skip to main content

H.Res. 290 (114th): Calling for the global repeal of blasphemy laws.

We don’t have a summary available yet.

The summary below was written by the Congressional Research Service, which is a nonpartisan division of the Library of Congress, and was published on Jun 2, 2015.

Recognizes that blasphemy laws position governments as arbiters of truth or religious rightness as they empower officials to enforce particular religious views against individuals and minorities.

Calls on the President and the Department of State (Department) to make the repeal of blasphemy laws a priority in their relationships with countries that have such laws.

Encourages the President and the Department to oppose any efforts at the United Nations (U.N.) or other international or multilateral fora to create an international anti-blasphemy norm, or attempts to expand the international norm on incitement to include blasphemy or defamation of religions.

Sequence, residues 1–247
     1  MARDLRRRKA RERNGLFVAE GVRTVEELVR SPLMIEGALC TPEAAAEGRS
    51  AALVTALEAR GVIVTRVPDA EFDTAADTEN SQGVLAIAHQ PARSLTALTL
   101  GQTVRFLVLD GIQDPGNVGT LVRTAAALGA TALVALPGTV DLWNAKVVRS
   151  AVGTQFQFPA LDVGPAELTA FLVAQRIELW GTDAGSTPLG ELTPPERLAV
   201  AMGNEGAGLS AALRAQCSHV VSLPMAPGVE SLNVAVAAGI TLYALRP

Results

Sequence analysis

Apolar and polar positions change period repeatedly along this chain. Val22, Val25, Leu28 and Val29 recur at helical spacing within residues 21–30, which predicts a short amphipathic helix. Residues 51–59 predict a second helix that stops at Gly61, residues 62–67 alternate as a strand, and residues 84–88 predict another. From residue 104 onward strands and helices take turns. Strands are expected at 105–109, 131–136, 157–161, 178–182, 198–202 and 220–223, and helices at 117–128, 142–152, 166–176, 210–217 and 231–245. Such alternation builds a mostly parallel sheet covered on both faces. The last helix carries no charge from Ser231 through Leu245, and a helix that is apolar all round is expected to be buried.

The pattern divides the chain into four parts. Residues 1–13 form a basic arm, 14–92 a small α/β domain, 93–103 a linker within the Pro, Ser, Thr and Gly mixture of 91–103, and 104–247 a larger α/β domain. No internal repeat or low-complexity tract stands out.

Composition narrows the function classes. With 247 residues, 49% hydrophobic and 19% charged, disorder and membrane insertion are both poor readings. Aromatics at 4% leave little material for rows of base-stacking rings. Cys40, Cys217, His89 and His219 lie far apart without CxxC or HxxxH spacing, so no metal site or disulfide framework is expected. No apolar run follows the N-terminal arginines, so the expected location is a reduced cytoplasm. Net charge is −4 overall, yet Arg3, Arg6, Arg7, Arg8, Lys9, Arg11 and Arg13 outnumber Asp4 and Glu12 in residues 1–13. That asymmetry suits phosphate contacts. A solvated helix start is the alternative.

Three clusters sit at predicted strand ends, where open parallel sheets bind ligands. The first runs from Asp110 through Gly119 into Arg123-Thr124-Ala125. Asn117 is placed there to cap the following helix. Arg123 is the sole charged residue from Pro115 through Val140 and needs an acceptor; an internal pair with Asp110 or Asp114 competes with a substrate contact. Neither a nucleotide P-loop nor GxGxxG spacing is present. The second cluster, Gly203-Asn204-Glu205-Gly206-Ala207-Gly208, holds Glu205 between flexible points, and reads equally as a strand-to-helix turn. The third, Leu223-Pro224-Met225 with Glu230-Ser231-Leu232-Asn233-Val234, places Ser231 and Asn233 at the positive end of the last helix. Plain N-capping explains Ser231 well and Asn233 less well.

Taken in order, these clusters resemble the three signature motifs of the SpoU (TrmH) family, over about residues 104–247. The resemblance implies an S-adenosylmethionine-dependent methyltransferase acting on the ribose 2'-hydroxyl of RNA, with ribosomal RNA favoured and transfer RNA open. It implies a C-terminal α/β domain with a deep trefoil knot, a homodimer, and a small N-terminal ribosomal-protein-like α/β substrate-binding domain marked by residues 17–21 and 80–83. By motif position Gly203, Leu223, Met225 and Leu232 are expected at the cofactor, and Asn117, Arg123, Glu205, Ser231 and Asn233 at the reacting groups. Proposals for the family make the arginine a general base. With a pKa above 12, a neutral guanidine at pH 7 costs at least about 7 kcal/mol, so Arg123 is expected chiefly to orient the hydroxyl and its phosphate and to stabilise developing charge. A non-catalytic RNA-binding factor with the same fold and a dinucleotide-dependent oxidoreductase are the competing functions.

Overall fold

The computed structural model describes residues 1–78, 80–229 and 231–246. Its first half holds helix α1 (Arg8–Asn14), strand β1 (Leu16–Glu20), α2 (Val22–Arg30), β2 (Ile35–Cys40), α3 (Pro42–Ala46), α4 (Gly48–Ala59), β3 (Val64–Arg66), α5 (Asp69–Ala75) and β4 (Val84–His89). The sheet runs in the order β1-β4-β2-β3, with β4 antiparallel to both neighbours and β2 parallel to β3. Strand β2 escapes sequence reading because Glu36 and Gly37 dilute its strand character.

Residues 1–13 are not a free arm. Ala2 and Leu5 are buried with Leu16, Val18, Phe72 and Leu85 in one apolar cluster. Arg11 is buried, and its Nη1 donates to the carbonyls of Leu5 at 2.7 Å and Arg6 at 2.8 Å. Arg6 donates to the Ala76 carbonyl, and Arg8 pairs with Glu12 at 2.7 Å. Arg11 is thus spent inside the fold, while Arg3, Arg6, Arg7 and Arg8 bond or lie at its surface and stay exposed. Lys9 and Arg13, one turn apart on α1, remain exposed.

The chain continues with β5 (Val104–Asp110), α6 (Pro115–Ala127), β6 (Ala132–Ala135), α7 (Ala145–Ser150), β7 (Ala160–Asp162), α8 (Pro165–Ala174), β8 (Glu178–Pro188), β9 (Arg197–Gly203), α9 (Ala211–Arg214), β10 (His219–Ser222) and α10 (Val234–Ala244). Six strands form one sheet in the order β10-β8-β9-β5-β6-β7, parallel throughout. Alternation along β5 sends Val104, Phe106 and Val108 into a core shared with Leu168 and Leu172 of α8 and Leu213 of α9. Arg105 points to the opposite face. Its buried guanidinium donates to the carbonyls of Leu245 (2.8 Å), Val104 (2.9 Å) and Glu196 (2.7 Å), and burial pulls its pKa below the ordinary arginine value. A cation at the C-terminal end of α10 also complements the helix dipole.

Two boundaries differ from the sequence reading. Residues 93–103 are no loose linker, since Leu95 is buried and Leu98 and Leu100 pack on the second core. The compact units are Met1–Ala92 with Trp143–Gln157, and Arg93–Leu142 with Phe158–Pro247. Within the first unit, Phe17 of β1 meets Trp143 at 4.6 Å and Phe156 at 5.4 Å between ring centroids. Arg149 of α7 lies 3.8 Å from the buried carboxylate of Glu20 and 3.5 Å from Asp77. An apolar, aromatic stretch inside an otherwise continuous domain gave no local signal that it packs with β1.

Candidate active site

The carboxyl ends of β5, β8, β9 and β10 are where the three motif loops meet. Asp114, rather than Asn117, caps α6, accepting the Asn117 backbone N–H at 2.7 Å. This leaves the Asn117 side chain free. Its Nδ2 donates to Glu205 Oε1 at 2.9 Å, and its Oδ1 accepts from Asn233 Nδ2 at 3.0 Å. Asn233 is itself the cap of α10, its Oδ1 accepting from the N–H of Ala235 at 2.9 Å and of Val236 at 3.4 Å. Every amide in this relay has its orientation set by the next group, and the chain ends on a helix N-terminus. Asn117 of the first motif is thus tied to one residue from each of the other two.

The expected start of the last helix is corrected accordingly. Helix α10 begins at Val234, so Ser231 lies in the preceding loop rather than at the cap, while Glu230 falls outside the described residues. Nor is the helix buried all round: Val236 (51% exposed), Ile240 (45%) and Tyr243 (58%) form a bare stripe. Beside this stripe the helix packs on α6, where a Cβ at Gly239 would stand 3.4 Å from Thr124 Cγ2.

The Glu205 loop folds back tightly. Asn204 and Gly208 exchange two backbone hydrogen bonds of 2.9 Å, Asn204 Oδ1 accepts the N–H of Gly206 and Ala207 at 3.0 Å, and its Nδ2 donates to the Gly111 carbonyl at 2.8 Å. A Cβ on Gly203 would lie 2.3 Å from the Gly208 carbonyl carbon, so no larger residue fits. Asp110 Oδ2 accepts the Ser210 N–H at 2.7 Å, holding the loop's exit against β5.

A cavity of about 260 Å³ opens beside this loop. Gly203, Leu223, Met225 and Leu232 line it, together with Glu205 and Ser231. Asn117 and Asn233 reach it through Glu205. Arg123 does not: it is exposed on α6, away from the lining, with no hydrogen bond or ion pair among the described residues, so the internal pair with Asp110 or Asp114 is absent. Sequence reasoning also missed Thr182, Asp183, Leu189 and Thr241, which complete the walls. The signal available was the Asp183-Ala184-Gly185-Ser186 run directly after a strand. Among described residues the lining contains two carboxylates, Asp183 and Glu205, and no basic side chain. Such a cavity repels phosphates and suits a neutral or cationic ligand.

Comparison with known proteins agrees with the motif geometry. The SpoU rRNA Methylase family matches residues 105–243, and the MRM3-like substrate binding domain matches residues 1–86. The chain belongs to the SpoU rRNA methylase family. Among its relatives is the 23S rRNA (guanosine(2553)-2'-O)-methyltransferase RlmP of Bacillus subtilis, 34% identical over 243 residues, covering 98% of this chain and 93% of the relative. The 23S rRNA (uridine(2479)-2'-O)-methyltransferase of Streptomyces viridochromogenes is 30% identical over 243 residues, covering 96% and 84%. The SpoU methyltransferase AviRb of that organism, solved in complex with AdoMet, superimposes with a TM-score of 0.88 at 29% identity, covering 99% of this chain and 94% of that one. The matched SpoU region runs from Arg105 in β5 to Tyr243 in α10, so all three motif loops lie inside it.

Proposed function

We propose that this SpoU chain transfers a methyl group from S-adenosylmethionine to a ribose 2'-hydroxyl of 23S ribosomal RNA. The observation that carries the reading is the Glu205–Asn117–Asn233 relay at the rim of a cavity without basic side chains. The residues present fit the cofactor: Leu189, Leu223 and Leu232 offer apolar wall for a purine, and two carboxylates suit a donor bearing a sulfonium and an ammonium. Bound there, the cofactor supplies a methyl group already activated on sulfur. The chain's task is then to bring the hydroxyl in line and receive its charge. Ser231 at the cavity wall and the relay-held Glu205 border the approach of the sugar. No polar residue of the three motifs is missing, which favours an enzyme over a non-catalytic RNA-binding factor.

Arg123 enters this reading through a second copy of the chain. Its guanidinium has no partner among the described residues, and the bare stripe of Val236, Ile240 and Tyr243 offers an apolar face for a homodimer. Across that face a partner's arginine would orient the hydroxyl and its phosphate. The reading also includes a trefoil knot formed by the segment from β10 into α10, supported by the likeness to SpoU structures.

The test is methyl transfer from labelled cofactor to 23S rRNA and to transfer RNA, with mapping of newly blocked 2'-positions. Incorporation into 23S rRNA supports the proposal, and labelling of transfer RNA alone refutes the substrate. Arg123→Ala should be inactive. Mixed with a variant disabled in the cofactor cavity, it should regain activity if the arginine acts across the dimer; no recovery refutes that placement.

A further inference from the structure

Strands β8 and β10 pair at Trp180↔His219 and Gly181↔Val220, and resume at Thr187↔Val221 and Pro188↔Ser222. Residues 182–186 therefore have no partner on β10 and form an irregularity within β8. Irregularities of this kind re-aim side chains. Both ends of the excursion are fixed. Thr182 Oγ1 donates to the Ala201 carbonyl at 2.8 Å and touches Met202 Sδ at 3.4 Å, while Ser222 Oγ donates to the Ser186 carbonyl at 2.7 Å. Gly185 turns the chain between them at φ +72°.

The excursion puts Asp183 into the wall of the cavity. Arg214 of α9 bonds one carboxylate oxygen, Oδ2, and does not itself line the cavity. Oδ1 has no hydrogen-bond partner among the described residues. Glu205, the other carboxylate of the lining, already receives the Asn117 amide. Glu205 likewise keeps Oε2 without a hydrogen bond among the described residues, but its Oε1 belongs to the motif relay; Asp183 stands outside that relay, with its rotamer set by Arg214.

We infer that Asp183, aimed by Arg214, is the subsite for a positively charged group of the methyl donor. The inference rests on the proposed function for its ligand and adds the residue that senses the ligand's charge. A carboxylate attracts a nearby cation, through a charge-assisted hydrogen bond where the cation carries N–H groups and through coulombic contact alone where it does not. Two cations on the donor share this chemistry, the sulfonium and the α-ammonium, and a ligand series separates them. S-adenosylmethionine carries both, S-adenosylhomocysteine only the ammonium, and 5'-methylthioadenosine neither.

Supports efforts at the U.N. to combat intolerance or violence against persons based on religion or belief without restricting expression.

Reaffirms the decision to designate Saudi Arabia as a "country of particular concern" for detaining and imprisoning people for blasphemy and for imposing torture, cruel or degrading treatment or punishment, and limit the waiver on this designation to no more than 180 days.

Calls on the President and the Department to designate Pakistan and Egypt each as a "country of particular concern" for perpetrating and tolerating particularly severe violations of religious freedom, including abuses flowing from the enforcement of blasphemy laws and from vigilante violence around blasphemy allegations that takes place with impunity.

Urges the governments of Pakistan, Saudi Arabia, Egypt, and other countries to amend or repeal their blasphemy laws as they provide a pretext for violence against religious minorities.

Urges those countries that have imprisoned people on charges of blasphemy to release them and ensure their safety and that of their families.